Photo of building construction in New York City.

Housing speculation leads to more evictions

Photo of building construction in New York City.
Building construction in New York City.
Edited photo © Eden, Janine and Jim

A new report shows that housing speculation leads to worse living conditions for low-income renters, as well as increased evictions in distressed neighborhoods.

Over the last decade, housing speculators — those who buy a property with the intent to sell it for a profit — have been buying more and more properties in low-income neighborhoods.

The report, from the community development nonprofit Local Initiatives Support Corporation, looks at the impact of housing speculation in New York City.

Housing speculation involves buying a distressed property at a low price, and then selling it for a large profit when property values begin to rise. 

The report has four major findings:

  1. Low-income, Black, and Latinx neighborhoods seeing signs of gentrification experienced more speculation than whiter, wealthier areas.
  2. Tenants suffered in buildings that were sold for higher values and that took on more debt. These buildings had city citations for maintenance problems far above comparable properties.
  3. Landlords who purchased properties at higher values or took on more debt evicted their tenants at 1.5 times the rate of others who had similar properties in comparable neighborhoods.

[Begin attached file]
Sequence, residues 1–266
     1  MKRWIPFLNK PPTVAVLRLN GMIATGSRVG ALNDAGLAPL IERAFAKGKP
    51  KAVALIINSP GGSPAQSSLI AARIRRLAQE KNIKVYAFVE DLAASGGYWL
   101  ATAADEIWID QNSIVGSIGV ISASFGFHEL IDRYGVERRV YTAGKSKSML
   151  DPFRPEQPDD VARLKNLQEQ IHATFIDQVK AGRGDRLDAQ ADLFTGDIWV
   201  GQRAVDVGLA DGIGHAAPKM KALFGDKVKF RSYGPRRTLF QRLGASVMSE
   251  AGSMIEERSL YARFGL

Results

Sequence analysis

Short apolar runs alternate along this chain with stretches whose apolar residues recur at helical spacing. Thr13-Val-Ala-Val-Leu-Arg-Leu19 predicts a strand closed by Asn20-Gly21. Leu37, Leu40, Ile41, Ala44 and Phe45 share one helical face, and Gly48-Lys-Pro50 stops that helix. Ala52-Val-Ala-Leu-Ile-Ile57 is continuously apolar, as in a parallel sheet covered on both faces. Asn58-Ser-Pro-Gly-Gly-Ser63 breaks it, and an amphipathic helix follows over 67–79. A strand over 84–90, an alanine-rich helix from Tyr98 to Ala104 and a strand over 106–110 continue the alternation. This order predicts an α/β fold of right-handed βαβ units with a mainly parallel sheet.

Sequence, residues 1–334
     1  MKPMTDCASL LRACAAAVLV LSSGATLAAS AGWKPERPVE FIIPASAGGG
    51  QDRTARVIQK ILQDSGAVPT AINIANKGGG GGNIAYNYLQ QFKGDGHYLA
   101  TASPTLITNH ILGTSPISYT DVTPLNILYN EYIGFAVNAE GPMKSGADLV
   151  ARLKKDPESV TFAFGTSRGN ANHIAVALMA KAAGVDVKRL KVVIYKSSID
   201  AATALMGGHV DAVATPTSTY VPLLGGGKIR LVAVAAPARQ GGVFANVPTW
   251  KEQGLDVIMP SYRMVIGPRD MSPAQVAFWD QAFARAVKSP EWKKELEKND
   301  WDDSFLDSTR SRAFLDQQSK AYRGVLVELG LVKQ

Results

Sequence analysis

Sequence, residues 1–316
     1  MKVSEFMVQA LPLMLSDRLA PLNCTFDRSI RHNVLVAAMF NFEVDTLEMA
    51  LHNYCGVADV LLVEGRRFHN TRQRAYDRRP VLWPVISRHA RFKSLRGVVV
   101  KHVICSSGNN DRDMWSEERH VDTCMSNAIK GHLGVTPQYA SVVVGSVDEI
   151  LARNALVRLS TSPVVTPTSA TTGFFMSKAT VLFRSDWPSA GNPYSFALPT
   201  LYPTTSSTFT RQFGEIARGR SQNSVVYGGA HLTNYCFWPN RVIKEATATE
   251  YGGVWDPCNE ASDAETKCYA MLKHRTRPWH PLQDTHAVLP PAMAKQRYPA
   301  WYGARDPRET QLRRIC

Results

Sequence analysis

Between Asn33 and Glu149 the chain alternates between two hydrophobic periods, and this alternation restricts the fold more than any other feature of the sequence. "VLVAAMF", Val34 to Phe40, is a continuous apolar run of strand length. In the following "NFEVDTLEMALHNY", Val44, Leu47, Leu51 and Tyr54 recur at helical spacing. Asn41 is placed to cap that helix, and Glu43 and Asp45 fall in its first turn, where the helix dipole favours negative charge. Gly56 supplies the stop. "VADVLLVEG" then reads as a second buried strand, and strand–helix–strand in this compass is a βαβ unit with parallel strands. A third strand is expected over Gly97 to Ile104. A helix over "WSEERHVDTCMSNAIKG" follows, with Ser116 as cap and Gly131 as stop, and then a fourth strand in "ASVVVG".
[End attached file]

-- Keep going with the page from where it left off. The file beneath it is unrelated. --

4. Properties that received affordable housing investments were much better maintained. They were less likely to be acquired at higher values or take on extra debt. Nonprofit and community ownership removed these homes from “the cycle of disinvestment and speculation.”

The LISC report shows that this happens most in low-income neighborhoods. It is even more common in neighborhoods where the majority of renters are Black or Latinx households.

As these neighborhoods start to gentrify, many landlords will also take out loans against the rising values of their properties.

Housing speculation also includes landlords in distressed neighborhoods who ‘take cash out of their properties.’ These landlords will borrow money against the rising value of their properties, and then can use these low-cost loans for other business activities.

In either case, housing speculation often leads to rising rents, deferred maintenance, or both. It leaves properties with very little cash available for needed repairs and daily upkeep.

Although the report focuses on New York City, housing speculation has increased around the country. Other places where rents are rising faster than inflation, where the housing affordability crisis is greatest, also see greater housing speculation.

Low-income renters living in these properties will see worse living conditions and will be more likely to face eviction.